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Gingrich blasts Romney's policies as 'timid,' says Obama wants to be an 'imperial president'
PLYMOUTH, N.H. (AP) ' Republican Newt Gingrich fought on two fronts Thursday, branding Mitt Romney's policies as "timid" and accusing President Barack Obama of carrying out "an imperial presidency.
Gingrich is going all out to reinvigorate his bid for the Republican presidential nomination after a finishing fourth in Iowa's caucuses.
The former House speaker launched a TV ad Thursday in New Hampshire and South Carolina, the first in which he challenges Romney.
"Romney's economic plan? Timid," the spot says. "Parts of it virtually identical to Obama's failed policy. Timid won't create jobs and timid certainly won't defeat Barack Obama.
The ad highlights Gingrich's "bold leadership" and says: "The Gingrich jobs plan: A powerful plan for growing our economy and creating new jobs."
Appearing at senior citizen center in Plymouth, N.H., Gingrich criticized Obama for circumventing the Senate on Wednesday and appointing three people to the National Labor Relations Board. Gingrich called on Congress to strip the panel of its funding and blasted it as "a runaway, anti-jobs, anti-business, pro-labor union board."
Gingrich said Obama's action showed "a total willingness to violate the law and impose an imperial presidency."
The former Georgia congressman campaigned Thursday in the snowy, mountainous reaches of northern New Hampshire
At a town hall in Littleton, Sam Greenlaw, a 74-year-old retiree, told the thrice-married Gingrich that he knew more about Gingrich's personal life and his work for Freddie Mac, the federal mortgage agency, than he did about Gingrich's policy initiatives, which he said were impressive.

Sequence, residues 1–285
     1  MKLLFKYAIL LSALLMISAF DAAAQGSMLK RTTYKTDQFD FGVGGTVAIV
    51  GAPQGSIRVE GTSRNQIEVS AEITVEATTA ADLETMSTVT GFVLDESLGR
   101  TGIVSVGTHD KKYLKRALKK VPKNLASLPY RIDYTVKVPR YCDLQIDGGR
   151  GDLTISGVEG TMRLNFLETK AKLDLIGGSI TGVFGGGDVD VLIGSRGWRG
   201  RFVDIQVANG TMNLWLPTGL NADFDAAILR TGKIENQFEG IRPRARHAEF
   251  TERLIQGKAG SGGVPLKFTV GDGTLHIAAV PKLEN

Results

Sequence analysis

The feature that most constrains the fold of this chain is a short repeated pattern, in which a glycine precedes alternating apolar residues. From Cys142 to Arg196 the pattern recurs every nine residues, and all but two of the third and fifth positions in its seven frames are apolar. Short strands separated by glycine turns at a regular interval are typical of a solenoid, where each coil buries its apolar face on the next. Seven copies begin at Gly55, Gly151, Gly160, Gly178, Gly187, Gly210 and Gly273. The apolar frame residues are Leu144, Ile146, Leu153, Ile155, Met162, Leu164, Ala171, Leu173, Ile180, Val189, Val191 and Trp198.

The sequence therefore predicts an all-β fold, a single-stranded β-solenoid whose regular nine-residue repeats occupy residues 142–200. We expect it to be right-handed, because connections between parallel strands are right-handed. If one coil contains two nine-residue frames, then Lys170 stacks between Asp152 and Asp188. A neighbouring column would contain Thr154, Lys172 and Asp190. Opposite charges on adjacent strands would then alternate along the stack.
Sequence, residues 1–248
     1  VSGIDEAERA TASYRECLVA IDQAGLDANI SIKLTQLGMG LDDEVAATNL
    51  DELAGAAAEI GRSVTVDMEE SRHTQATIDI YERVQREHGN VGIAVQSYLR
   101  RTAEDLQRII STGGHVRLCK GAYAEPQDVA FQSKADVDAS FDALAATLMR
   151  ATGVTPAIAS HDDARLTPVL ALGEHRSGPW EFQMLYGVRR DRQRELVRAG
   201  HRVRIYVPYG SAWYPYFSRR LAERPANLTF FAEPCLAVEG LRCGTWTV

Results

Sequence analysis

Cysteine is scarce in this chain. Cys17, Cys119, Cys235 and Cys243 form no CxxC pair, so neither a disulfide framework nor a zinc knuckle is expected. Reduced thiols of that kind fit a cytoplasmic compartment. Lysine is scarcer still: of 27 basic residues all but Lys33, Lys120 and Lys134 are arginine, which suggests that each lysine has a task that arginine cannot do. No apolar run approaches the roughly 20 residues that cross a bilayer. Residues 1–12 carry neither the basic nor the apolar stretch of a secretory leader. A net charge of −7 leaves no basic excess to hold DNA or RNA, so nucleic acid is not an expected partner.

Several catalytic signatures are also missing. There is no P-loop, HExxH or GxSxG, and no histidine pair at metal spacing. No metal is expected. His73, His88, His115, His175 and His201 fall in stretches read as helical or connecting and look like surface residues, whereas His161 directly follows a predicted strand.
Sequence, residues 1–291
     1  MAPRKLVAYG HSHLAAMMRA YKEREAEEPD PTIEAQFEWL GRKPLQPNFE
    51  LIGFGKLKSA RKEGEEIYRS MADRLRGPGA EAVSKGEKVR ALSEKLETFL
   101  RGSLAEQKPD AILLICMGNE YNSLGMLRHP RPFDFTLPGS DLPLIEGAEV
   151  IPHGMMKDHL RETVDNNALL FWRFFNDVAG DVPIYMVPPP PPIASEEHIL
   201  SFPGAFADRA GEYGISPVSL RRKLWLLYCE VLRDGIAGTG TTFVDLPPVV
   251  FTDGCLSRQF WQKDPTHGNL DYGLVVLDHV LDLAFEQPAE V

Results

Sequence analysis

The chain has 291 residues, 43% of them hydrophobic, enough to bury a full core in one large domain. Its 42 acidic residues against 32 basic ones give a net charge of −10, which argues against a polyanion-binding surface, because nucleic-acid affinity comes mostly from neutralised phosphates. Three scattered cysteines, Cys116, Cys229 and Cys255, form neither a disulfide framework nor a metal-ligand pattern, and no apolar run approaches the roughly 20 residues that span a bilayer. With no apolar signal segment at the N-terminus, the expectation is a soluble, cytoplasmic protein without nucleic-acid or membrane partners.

"You need to do more of this," he told Gingrich, referring to the policy-rich meeting Gingrich held.
Afterward, Greenlaw said that attacking Romney would backfire on Gingrich ' at least in his mind.
"I need to know how he's going to do about correcting the problems of our institutions. Not about what he thinks about other people," Greenlaw said.
Others thought highlighting Romney's record was long overdue.
"I do not think that Speaker Gingrich was out of line at all. He simply told the truth about the man," said John Anderson, a 65-year old retiree from Pittsburg, N.H. "I'm not a Romney hater, but I do not believe he can take on Obama and I do not believe he is real conservative
In Littleton, an audience member asked to hear from Gingrich's wife, Callista, who stands silently by his side at campaign stops.
She stepped forward and complied.
"I just want to say that I think Newt has been preparing for this challenge his whole life," Callista Gingrich said. "And I believe truly he is the best person to lead this country."
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